Author: Miriam Stoppard
In recent research, aspirin or ibuprofen were found to treble the chance of beating head and neck cancer.
Could regular use of aspirin or ibuprofen boost survival rates from head and neck cancer? It seems it’s possible.
In recent research, the common painkillers were found to treble the chance of survival (from 25% to 78%) for patients with a specific kind of cancer which contains an altered gene, known as PIK3CA. Around a third of head and neck cancers carry this mutation and it’s also found in other types of cancer.
Head and neck cancer is newly diagnosed in more than 12,000 people in the UK each year, and in 65,000 in the US. It kills just over 4,000 people here and 14,000 in America. There are more than 30 areas in the head and neck where cancer can develop, such as the mouth and throat.
Researchers at the University of California, San Francisco, looked at five-year survival rates for people diagnosed with the disease and found the regular use of non-steroidal anti-inflammatory drugs (NSAIDs), such as aspirin and ibuprofen, significantly improved survival for a third or more of patients with the disease.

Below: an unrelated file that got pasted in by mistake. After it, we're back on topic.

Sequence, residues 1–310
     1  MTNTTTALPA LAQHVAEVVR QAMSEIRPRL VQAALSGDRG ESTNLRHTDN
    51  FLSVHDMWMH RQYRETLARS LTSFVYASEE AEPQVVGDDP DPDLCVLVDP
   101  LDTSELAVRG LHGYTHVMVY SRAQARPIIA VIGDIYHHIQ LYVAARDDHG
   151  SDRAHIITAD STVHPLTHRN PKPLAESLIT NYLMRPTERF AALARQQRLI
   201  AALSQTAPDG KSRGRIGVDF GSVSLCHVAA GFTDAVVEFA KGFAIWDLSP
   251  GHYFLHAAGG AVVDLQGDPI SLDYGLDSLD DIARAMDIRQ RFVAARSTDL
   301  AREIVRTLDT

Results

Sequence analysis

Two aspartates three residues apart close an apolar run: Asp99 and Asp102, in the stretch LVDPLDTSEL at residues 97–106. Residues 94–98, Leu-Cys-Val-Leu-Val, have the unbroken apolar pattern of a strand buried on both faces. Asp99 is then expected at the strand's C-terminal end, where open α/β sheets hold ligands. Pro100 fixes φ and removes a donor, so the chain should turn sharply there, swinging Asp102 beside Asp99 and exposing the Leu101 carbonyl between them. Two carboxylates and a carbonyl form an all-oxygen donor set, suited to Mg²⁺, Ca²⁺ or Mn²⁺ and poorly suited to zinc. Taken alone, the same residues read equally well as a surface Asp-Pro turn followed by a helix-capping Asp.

All the patients had the mutated gene. NSAIDs, however, had no effect on tumours without PIK3CA mutation. The study included 266 patients from the University of Pittsburgh Medical Center whose tumours were surgically removed. Altogether, 75 tumours (28%) in the study had a change in the PIK3CA gene. Among the patients who regularly used NSAIDs, 93% used aspirin at some point, and 73% only took aspirin.
Dr Jennifer Grandis, a professor of head and neck surgery and senior author of the paper, said: “Our results suggest that the use of NSAIDs could significantly improve outcomes for not only head and neck cancer patients, but also patients with other cancers that contained the PIK3CA mutation.
“The magnitude of the apparent advantage is strong, and could potentially have a positive impact on human health.”
The researchers said the regular use of NSAIDs for at least six months provided “markedly prolonged” improved survival compared to patients whose PIK3CA gene was mutated and didn’t use NSAIDs.
They suggest that NSAIDs possibly block tumour growth by reducing the production of an inflammatory molecule called prostaglandin E2.
For something so simple, it seems too good to be true.
It would be very easy and cheap to try in patients but there’s a little way to go yet.
First, we need much larger trials as proof that what is only a theory actually works.